Updated: Apr 3
Contributed by Rousan J. Davidson, Military Wife, Mother, Federal Officer, Publisher, Children's Book Author, and Founder of Davish Publishing Co.
I had all of the plans for my life mapped out from when I would complete graduate school, to where I would move, to what I planned on my career looking like, who I would work for... oh yes! All of it! And, all of the working parts that would drive my success. Having had no idea that my future self would laugh at the young 18 to 21 year old me and wishing she would have let go of control a long time ago, it drives me to want to share my experience of readjustment with you.
I am 29 years old and have moved across the country 4 times in the last 6 years. I am a military wife, a mother to a toddler, a federal officer, publisher, and children's book author. While all of that sounds like a dream, when I began this journey, the process of finding my place in the military community and navigating my way in an entirely new lifestyle that required me to move thousands of miles away from my family, support system, and professional network was difficult.
I didn't realize the sacrifice that came with being a military spouse or that my dreams and plans I held onto so tightly would not work out in MY order.
I was set on making it all happen, and fast. Like many other military spouses, I was stationed in under populated areas and overqualified for most jobs. Coming from a big city and fresh out of graduate school, I was determined to keep control of what I wanted and refused to let the sacrifice it would take get in the way of my aspirations. I was what they call overly ambitious and was willing to bet that nothing would get in the way. It was through overcoming the obstacles of unemployment, underpaid jobs, sleepless nights, and the exhaustion of not letting go of control that I realized... my tunnel vision was making it hard for me to see that success doesn't ONLY look like the plan I had for me. I was struggling, not because things wouldn't eventually turn out well for me, but because I wanted them to turn out as I had planned them to. Six years later, my goals are now being met. I’m watching myself achieve them one by one, BUT GET THIS... the circumstances have not changed -- my perspective has.
Readjustment is my life story, over and over I've had to learn to readjust, refocus, and set out new goals and plans for the new places I'd live, work, and now, raise my son.
It is through readjustment that we develop our resilience.
A good friend once recited this quote to me which has carried me through every change I’ve had to face..... "Bloom where you are planted." (@kiandradawn) Letting go of control not only brings you freedom but it allows you to see all of the other opportunities afforded to you that you hadn't even thought about. The community I was struggling to adjust to was my new support system. My new lifestyle granted me the security I was seeking -- an opportunity to travel and an abundance of resources. I spent far too much time worried I wouldn’t have the resources I needed; not realizing I was a resource myself.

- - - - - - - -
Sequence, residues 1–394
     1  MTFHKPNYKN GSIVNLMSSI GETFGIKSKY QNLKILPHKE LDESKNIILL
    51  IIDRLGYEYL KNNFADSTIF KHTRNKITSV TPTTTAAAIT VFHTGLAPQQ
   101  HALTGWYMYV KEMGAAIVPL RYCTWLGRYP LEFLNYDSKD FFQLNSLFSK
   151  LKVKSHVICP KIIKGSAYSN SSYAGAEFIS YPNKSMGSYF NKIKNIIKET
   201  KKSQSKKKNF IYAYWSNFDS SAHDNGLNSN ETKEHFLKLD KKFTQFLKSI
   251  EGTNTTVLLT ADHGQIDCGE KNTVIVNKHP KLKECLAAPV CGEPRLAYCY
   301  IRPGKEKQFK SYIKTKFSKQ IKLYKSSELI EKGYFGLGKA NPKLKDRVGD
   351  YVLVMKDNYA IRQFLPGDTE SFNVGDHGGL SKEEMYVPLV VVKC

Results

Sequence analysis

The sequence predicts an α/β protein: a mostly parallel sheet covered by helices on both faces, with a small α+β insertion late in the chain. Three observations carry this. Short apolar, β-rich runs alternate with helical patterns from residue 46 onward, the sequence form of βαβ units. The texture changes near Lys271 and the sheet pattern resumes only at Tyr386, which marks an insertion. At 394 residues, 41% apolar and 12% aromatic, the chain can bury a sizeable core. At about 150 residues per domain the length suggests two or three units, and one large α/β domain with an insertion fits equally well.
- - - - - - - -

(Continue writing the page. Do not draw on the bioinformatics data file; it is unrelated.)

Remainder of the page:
Readjustment is hard whether you are changing jobs, switching careers, moving, starting a new business, becoming a mother, getting married... so many life adjustments can make you feel like you are not ready, you are not enough, or you need more resources. But, when we focus on what YOU bring to the table, as they say... to that new location, job, relationship, event, obstacle, circumstance, or change in your life, it no longer is as hard as you think. Your life experience is invaluable and no resume can measure that.
Here are a few suggestions to keep in mind that will help you readjust during changes or transitions in your life:
Don’t fight change.
Change will always be an adjustment but there is growth in fresh soil.
Readjustment builds resilience. Let go of control.
There is always a Plan B that can make your plan A work.
Be open to new opportunities, new communities, and new environments.
Tunnel vision can sometimes blind you to all the more you can experience.
If I can leave you with anything please remember this:
"YOU are a resource, too. Where you go isn't what makes you, it is the impact YOU make where you go."
Rousan J. Davidson, Military Wife, Mother, Federal Officer, Publisher, and Children's Book Author is the founder of Davish Publishing Co. Rousan has served as an advocate for children and their families in a number of capacities over the last decade. From directing after school programs in underprivileged communities, serving as a children's social worker for families in crisis in the non-profit sector, to serving in positions of leadership with state and now the federal government. Rousan is devoted to inspiring young children and their families to pursue their best selves through resiliency education and self-confidence. Within her early reader publications, she hopes to facilitate these teachings and spark conversations that promote growth and awareness to children that all that they have is all that they need to succeed.
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